Glassblower Bryan Randa shares his craft
Playing with Fire
Bryan Randa elevates the art of glassblowing
Glassblowing is a storied tradition in the town of Sandwich, one so treasured that the Sandwich Glass Museum has made it their mission to carry the torch of this spellbinding art. The Sandwich Glass Museum claims to have “relit the fires” of glassblowing in town. Furthermore, it’s fair to say the museum has also, serendipitously, lit quite the fire in Pocasset resident Bryan Randa.
Growing up on a farm in the middle of Iowa, Randa was oblivious to the world of glassblowing. “I grew up outside, running around fields and playing on the rivers and streams – that’s all I did,” he says. “When I was little I loved all animals, and I loved the ocean, but all I would ever see of it was in books and on TV.” As a child Randa also loved to draw, and “As soon as I could,” he says, “I started doing pottery,” which he practiced throughout high school. After high school he studied graphic design, as well as drawing and sculpture, at his local college, and in 2004, at age 19, he moved to Onset, intent on pursuing further study in graphic design at MassArt. One day, as Randa drove around exploring the Cape, his plans suddenly changed. He had come across the Sandwich Glass Museum.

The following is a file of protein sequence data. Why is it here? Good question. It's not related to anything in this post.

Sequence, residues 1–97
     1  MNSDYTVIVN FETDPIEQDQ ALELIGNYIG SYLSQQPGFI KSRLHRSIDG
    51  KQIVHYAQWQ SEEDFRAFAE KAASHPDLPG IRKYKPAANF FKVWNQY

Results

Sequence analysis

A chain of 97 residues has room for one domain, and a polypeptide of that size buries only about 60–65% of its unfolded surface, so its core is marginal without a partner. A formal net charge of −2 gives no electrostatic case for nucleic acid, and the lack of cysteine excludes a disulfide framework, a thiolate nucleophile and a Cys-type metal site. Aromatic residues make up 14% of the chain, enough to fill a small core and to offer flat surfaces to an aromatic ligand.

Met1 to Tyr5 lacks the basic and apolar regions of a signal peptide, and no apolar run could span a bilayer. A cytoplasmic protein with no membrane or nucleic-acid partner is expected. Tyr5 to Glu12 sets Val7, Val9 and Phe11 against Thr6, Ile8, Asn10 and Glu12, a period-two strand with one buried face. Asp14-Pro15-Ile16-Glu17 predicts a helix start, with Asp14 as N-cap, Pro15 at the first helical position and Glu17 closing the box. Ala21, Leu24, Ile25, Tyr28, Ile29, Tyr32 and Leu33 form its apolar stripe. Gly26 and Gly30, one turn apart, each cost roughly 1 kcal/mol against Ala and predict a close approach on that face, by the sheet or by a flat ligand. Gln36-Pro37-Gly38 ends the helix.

“I was like, ‘Wow! What’s that?’” he recalls. “So I went in, and there was a demo area, and some guy had just finished up doing a demo.” Randa struck up a conversation with the man, learning that he had been giving a demonstration on glassblowing. “That was the first time I ever knew you could actually blow glass,” Randa reveals. “He told me about a couple studios on the Cape, and then he was like, “McDermott, you’d probably get along with McDermott, so call him.’ So I called him. He was working on rebuilding his furnace, so it took, like, a month, almost, of me just calling him – ‘Hey, are you ready yet?’”
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